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A commuter train excavation near Notre Dame Cathedral has uncovered a 2,000-year-old necropolis containing bodies buried with coins in their mouths and an entire pig skeleton

Burial from the excavation of Boulevard de Port-Royal in Paris, in 2023. The burials of a large necropolis, located south of Lutèce in the 2nd century AD, have been unearthed. © Nicolas Warmé, InrapBurial from the excavation of Boulevard de Port-Royal in Paris, in 2023. The burials of a large necropolis, located south of Lutèce in the 2nd century AD, have been unearthed.

Nicolas Warmé, Inrap

  • 2,000-year-old skeletons have been found in a graveyard near Notre Dame Cathedral.
  • Remains of at least 50 men, women, and children were unearthed during excavation for a train line.
  • About half of the burials had objects like cups, jugs, or dishes buried with them.

A 2,000-year-old necropolis — a city of the dead — has been found in an excavation near Notre Dame Cathedral. 

The remains of at least 50 men, women, and children were found in coffins discovered during a dig to expand an existing commuter train line in the former Gallo-Roman town of Lutetia, where the iconic Parisian cathedral stands today.

“What’s so exceptional about this is that we have a window into our past, which is quite rare in this city,” El Pais reported Dominique Garcia, president of France’s National Institute of Preventive Archaeological Research (INRAP), which led the project, said.

In the 2nd century, the living kept their distance from the dead, burying their loved ones in elaborate sprawling tombs, called necropolises, built to honor those who had passed on — and kept them detached from the cities of the living.

General view of the excavation of Boulevard Port-Royal in Paris, in 2023. The burials of a large necropolis, located south of Lutèce in the 2nd century AD , have been unearthed. © Camille Colonna, InrapGeneral view of the excavation of Boulevard Port-Royal in Paris, in 2023. The burials of a large necropolis, located south of Lutèce in the 2nd century AD , have been unearthed.

Camille Colonna, Inrap

“Drawing on their funeral rites, we can reach a kind of general vision of the people who lived in Paris in the second century,” Garcia added.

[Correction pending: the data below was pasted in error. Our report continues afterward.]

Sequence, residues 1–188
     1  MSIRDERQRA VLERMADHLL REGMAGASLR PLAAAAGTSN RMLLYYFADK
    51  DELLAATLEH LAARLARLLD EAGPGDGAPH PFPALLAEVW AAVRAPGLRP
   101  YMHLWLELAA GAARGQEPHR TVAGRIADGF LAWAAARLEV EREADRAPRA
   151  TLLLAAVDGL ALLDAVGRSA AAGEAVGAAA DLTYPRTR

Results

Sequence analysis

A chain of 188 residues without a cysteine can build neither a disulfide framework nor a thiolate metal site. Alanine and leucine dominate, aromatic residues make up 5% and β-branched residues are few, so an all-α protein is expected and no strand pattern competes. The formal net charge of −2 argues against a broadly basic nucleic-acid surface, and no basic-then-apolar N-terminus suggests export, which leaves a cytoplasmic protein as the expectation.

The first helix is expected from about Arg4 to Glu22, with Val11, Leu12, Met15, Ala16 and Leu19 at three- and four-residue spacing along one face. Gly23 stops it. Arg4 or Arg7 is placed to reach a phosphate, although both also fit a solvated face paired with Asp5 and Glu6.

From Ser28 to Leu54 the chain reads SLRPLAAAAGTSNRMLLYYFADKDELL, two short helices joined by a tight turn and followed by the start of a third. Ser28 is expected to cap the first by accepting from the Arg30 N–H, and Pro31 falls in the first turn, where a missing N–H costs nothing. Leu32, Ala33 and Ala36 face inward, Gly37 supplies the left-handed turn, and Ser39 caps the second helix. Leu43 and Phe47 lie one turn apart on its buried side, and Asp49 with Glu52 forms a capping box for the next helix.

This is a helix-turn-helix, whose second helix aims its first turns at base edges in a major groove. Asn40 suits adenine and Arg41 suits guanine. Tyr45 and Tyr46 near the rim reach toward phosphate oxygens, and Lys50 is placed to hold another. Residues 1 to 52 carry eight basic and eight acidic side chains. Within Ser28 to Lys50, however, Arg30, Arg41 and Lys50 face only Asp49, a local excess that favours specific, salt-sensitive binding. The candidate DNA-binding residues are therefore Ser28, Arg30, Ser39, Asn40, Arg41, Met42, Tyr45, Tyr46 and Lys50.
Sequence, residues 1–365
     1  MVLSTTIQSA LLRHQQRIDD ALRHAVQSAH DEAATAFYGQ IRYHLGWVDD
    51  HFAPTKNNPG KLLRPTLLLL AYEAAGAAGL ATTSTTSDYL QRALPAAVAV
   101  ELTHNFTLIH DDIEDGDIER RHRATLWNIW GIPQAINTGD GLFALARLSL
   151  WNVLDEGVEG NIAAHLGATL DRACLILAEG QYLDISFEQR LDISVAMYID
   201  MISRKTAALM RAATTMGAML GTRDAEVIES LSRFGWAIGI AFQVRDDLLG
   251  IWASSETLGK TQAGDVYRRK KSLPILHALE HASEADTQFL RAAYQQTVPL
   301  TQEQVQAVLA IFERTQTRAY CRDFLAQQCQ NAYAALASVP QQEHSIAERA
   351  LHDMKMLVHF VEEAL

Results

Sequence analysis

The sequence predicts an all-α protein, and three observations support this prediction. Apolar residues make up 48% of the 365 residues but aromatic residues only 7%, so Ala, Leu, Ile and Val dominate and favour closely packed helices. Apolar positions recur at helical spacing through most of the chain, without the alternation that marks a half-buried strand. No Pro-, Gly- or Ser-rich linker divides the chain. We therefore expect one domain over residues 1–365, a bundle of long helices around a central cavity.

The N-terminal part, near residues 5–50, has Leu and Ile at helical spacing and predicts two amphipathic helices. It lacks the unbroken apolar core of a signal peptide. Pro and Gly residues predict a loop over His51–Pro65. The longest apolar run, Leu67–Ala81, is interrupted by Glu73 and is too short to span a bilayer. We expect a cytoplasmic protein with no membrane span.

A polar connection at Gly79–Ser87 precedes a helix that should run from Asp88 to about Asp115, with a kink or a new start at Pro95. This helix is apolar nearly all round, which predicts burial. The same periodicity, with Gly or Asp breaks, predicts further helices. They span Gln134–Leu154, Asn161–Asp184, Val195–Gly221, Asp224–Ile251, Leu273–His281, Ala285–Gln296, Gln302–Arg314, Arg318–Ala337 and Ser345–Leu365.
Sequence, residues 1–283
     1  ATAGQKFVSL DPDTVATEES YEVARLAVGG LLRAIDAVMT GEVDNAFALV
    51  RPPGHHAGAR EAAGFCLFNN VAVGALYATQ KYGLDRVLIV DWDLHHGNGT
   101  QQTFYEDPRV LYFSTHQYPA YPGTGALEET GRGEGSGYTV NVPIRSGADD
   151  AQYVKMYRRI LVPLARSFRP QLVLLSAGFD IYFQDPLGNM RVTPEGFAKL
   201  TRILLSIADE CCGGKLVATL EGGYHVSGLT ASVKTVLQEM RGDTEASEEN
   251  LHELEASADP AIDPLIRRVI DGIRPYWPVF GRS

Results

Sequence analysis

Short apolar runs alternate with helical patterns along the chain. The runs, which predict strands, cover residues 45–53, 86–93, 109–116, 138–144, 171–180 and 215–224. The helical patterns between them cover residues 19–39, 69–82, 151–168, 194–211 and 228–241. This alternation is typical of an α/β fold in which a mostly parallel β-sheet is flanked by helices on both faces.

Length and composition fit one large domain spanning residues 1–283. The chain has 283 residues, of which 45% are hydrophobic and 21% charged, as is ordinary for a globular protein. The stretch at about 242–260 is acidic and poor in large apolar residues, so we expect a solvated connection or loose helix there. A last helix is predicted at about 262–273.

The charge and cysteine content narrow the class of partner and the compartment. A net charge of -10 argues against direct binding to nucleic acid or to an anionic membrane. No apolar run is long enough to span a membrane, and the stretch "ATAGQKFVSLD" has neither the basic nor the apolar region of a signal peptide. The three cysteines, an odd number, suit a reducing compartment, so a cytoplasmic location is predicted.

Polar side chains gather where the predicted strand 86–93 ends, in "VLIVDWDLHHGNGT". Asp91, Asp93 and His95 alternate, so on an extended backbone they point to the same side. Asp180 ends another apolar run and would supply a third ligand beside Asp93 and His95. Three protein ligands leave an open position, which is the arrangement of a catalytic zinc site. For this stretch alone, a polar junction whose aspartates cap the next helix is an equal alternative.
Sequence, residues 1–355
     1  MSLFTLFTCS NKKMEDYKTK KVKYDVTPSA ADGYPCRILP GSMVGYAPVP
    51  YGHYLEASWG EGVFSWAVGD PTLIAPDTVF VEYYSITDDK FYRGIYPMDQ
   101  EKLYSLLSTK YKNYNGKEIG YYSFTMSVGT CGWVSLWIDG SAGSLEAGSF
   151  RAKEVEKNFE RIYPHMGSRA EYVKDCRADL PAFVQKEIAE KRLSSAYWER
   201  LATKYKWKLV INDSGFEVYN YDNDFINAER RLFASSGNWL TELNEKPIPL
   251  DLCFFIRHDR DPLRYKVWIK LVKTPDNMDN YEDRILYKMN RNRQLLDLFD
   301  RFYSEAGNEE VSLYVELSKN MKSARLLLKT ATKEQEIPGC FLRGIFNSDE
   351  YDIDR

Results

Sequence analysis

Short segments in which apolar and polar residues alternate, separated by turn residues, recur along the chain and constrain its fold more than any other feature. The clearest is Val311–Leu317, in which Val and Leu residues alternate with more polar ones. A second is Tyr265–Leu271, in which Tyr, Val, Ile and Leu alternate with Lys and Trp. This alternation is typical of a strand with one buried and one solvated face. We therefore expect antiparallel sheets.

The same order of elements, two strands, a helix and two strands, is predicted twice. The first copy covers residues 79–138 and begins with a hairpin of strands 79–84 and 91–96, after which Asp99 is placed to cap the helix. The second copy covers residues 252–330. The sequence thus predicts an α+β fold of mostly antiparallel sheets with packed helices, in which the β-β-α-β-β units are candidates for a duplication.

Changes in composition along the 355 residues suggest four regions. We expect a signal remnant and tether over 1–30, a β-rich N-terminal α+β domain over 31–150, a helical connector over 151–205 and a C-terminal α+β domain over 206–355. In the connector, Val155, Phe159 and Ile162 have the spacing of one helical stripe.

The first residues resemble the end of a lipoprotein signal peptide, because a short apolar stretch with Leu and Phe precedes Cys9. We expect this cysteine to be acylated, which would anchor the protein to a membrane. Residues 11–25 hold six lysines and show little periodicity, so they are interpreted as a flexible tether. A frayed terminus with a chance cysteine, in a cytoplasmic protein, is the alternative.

At least half of the burial sites contained artifacts like cups, dishes, and other pieces of glass, according to a press release from INRAP. Others contained clothing, jewelry, pins, and belts. 

“At that time, the feeling was that there was another life after death, so people placed things in the grave that would help the dead person to survive in the afterlife,” El Pais reported Garcia said. “That’s why objects from everyday life have been found, as well as pitchers that very likely contained food.”

Cross-checking of two burials from the excavation of the Boulevard de Port-Royal in Paris in 2023. The burials of a large necropolis, located south of Lutèce in the 2nd century AD, have been unearthed . © Camille Colonna, InrapCross-checking of two burials from the excavation of the Boulevard de Port-Royal in Paris in 2023. The burials of a large necropolis, located south of Lutèce in the 2nd century AD, have been unearthed.

Camille Colonna, Inrap

In some coffins, the dead were buried with a coin placed in their coffin or in their mouth — “this practice, common in antiquity, is probably the obol of the ferryman of the underworld, Charon,” according to INRAP.

One pit unearthed by the researchers contained the skeleton of a whole pig, though it is unclear what purpose it may have served.

Representatives for INRAP did not immediately respond to Insider’s request for comment. 

Ceramic goblet discovered in a burial on the excavation of the boulevard Port-royal in Paris, in 2023. The burials of a large necropolis, located south of Lutèce in the 2nd century of our era, have been brought to light. © Nicolas Warmé, InrapCeramic goblet discovered in a burial on the excavation of the boulevard Port-royal in Paris, in 2023. The burials of a large necropolis, located south of Lutèce in the 2nd century of our era, have been brought to light.

Nicolas Warmé, Inrap

According to Smithsonian Magazine, this isn’t the first time the site, named the Saint-Jacques necropolis, has been unearthed by researchers.

In the 1800s, a portion of the ancient cemetery was unearthed by surveyors who were more concerned with the artifacts buried with the dead than the skeletons themselves. So they covered the site back up, only for it to be lost in time for two more centuries. 

After a 2019 fire caused damage to the historic structure, the area surrounding the Notre Dame Cathedral has been the subject of recent archaeological digs. Last year, researchers unearthed — and opened — a mysterious, human-shaped lead sarcophagus discovered underneath the cathedral.

Inside were human remains, later identified as belonging to Antoine de la Porte, 83, a high priest who died in 1710. According to Smithsonian Magazine, archaeologists learned the man’s identity and age from writing discovered on his coffin. 

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